In one embodiment, the laundry additive is deposited from the base into or on a secondary distributor upon completion of the spin cycle. In this embodiment the exit opening is oriented in such a manner that the laundry additive is deposited into or on the secondary distributor upon completion of the spin cycle. In one embodiment, the secondary distributor is housed within the dispenser. In another embodiment, the secondary distributor is located outside of the dispenser. The secondary distributor is positioned in such a manner that it is below the uppermost water line of the rinse cycle. Without wishing to be bound by theory, the secondary distributor functions by gathering the laundry additive and distributing the laundry additive in such a manner that it is not directly applied to the clothes. Such a function is beneficial, as some laundry additives can stain or discolor fabric articles when directly contacted. The secondary distributor can comprise any means for preventing the laundry additive for directly contacting the fabric articles. Secondary distributors include, but are not limited to secondary compartments, absorbent materials, and flexible pouches. In a more preferred embodiment, secondary distributors located outside of the dispenser are functionally attached to the dispenser preferably by a mechanical hinge. The mechanical hinge would allow the secondary distributor to move with the agitation of the automatic washing machine.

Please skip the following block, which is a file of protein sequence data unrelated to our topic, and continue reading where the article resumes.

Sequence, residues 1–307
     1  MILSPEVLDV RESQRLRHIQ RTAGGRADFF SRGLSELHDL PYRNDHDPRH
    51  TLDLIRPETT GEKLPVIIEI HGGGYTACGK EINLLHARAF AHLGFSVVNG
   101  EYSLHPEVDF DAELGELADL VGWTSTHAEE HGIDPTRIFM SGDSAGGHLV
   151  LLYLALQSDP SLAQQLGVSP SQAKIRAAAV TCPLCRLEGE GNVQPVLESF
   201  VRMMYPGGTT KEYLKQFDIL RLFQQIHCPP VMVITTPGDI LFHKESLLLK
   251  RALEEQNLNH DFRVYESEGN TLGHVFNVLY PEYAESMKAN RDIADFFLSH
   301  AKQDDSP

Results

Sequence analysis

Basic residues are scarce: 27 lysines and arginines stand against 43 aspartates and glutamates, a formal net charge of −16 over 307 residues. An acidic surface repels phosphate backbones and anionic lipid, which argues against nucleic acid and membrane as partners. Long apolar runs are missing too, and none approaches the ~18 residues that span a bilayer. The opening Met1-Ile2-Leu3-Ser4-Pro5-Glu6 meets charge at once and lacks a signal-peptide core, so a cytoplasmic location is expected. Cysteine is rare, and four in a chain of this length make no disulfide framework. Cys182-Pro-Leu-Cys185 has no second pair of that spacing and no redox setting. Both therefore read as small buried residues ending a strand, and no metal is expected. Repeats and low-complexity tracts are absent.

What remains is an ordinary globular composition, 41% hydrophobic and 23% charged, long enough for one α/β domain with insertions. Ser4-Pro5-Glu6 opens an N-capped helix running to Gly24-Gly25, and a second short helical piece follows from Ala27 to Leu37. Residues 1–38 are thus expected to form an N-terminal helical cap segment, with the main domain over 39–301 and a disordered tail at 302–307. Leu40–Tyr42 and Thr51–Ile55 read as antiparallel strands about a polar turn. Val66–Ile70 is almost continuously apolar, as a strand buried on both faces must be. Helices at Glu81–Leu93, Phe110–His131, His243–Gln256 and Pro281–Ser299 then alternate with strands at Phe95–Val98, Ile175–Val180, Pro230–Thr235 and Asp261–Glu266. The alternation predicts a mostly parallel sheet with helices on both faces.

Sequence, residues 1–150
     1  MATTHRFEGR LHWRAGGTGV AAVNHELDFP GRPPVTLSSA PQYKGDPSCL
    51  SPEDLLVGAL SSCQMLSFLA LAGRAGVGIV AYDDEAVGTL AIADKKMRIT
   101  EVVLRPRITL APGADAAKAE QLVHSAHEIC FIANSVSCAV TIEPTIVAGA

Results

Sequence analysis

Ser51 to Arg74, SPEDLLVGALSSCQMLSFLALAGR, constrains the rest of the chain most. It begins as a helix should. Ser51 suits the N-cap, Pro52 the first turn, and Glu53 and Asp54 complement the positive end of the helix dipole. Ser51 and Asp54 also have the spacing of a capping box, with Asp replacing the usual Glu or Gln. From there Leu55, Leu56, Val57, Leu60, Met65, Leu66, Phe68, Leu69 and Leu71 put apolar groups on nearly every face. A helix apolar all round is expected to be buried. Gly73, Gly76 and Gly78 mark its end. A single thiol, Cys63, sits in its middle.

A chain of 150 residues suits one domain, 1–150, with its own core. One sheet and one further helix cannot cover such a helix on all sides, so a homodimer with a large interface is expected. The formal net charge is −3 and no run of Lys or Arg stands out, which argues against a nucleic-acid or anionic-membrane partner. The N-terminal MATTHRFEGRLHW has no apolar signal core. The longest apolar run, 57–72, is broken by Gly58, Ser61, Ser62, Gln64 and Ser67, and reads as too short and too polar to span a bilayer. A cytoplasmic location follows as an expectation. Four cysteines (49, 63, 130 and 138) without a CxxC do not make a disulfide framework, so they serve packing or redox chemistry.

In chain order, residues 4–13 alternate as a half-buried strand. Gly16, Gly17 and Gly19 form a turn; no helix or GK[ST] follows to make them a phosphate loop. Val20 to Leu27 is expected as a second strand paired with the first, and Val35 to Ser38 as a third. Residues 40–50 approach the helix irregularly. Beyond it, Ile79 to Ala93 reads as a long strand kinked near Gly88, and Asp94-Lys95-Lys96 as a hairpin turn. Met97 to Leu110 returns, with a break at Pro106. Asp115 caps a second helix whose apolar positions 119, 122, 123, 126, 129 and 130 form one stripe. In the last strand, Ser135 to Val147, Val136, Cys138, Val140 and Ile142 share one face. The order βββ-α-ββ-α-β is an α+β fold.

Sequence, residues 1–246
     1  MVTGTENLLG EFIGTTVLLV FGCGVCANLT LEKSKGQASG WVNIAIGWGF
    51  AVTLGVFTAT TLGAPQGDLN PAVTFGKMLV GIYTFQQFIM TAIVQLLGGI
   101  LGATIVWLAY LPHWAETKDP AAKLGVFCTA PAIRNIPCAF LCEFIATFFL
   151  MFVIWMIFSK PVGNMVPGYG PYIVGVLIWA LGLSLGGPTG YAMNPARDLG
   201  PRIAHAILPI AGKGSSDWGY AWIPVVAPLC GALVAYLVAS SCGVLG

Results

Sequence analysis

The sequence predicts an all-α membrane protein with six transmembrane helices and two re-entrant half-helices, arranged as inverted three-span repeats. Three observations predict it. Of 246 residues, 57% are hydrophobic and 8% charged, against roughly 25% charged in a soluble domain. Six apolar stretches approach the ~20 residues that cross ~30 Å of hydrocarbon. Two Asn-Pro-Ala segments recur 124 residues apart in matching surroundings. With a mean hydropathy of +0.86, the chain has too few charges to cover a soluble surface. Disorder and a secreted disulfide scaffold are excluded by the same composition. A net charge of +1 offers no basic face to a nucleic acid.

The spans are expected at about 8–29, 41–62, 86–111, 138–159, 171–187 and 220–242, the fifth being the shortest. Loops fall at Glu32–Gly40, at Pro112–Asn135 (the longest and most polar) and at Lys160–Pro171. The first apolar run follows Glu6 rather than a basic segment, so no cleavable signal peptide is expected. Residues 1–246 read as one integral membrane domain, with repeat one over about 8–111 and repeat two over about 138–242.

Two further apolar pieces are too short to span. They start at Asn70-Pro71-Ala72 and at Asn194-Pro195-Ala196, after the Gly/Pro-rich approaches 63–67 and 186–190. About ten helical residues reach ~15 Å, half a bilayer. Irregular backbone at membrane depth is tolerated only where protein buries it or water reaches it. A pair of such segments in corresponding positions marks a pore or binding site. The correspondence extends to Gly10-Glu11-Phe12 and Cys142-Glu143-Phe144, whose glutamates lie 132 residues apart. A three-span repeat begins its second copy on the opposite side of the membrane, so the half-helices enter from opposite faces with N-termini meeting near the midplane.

In one embodiment the secondary distributor comprises a secondary compartment. The secondary compartment can be made of any material capable of containing a laundry additive. Preferably, the secondary compartment is made out of the same material as the base and/or the reservoir. In one embodiment, the secondary compartment is located within the dispenser and has one or more vents oriented in such a manner that the vents are above the laundry additive deposited into the secondary compartment. As the rinse water begins to fill the drum of the automatic washing machine, the rinse water enters the vents of the secondary compartment through the vent and forces the laundry additive out of the secondary compartment through the vents. Not wishing to be bound by theory, it is believed that the laundry additives are less dense than the rinse water, causing the laundry additives to float atop the rinse water and be forced out of the vents. Further, diffusion mechanisms are also believed to occur and aid in the evacuation of the laundry additive from the secondary compartment. After the rinse cycle, an optional secondary spin cycle then draws any material in the secondary compartment out through the vents by centrifugal force.